Louisiana Medical Disclosure Panel/1990 - Present

 After the Hondroulis case, physicians, on the advice of their attorneys, began listing many risks because they could not be sure what risks the court later might determine with the retrospectoscope to be "material." In some cases, physicians listed over 100 risks. Finally, in 1990 the Louisiana legislature, taking an idea developed originally in the Texas legislature, passed R.S. 40:1299.40 E which created the Medical Disclosure Panel. The task of the Medical Disclosure Panel is to define what risks must be disclosed for any given operation or therapy. The Panel consists of six physicians, three attorneys from the Louisiana Trial Lawyers' Association, one attorney from the Louisiana Defense Counsel Association, and one dentist who specializes in oral and maxillofacial surgery. Since its creation, the Medical Disclosure Panel has released the risks for 127 procedures. The work of the Panel continues and the members meet bimonthly. Although the risks developed by the Medical Disclosure Panel are not legally binding in other states, it is worthwhile to review those risks when investigating what risks might be "material" for any given procedure or therapy.

 Although I was the Chair of the Louisiana Medical Disclosure Panel during its first 10 years, the official way to get copies of the risks and the approved consent form is to call the Louisiana Department of Health and Hospitals (DHH) in Baton Rouge, Louisiana. The contact person (as of this updated note of January 19, 2007) at DHH is John Newsom, phone 225-342-3807, email: jdnewsom@DHH.LA.GOV

 A few important points about informed consent. It is the responsibility of the physician who is performing the operation or administering the medical treatment to get the informed consent. The Medical Disclosure Panel's list and recommended consent form is optional, not mandatory. Physicians who do not use the Medical Disclosure Panel's risks and consent form are bound by the law of R.S. 40:1299 (Uniform Consent Law Sections A, B, and C), and the Hondroulis case interpretation of that law. Informed consent under this older version of informed consent is valid as an oral consent as well as a written consent. However, written consent always is advised as oral consent is difficult to prove.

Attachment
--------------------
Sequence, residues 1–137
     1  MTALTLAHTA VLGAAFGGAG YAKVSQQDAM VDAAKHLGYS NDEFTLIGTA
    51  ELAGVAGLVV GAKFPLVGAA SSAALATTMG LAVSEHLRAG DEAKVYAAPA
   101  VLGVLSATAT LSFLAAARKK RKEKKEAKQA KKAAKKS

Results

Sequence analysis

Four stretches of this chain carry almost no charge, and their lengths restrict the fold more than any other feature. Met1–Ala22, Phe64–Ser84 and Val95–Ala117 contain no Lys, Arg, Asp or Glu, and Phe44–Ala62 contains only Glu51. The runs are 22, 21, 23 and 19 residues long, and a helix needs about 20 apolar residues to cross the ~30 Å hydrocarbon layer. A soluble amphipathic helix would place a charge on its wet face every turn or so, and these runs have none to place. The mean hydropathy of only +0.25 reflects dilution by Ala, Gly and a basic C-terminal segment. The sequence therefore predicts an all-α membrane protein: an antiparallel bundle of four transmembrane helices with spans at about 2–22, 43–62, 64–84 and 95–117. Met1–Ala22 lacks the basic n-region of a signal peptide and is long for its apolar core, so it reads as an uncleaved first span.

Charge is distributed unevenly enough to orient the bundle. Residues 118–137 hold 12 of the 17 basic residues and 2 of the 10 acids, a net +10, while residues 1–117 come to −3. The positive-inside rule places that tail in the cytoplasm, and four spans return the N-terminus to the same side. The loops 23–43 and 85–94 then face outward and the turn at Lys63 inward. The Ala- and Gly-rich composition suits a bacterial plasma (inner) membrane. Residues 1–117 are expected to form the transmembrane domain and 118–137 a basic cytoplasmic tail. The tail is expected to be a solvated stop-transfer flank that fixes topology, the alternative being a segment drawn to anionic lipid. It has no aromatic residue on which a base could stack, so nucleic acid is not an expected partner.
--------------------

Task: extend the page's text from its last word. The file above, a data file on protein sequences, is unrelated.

Copyright 1995 Donald J. Palmisano, M.D., J.D.

 "Material Risks" as determined by the Louisiana Medical Disclosure Panel as of Jan. 1996. The release of procedures and risks from the Louisiana Medical Disclosure Panel during the first 10 years of its existence was approximately every two months. The listing of risks on this web page is not meant to be the official listing; the offical listing should be obtained from the Louisiana Dept. of Health and Hospitals or the Louisiana Register. Remember, this law and listed risks are for Louisiana Physicans only. However, all physicians may find a review of these listed risks helpful as they formulate the "Material Risks" for procedures and treatments for their patients.